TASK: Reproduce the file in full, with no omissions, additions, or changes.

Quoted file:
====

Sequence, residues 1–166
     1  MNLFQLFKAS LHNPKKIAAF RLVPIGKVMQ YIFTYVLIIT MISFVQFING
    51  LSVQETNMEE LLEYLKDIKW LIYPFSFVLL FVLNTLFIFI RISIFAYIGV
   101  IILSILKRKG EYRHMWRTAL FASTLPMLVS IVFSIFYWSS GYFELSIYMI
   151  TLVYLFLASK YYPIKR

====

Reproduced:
Sequence, residues 1–166
     1  MNLFQLFKAS LHNPKKIAAF RLVPIGKVMQ YIFTYVLIIT MISFVQFING
    51  LSVQETNMEE LLEYLKDIKW LIYPFSFVLL FVLNTLFIFI RISIFAYIGV
   101  IILSILKRKG EYRHMWRTAL FASTLPMLVS IVFSIFYWSS GYFELSIYMI
   151  TLVYLFLASK YYPIKR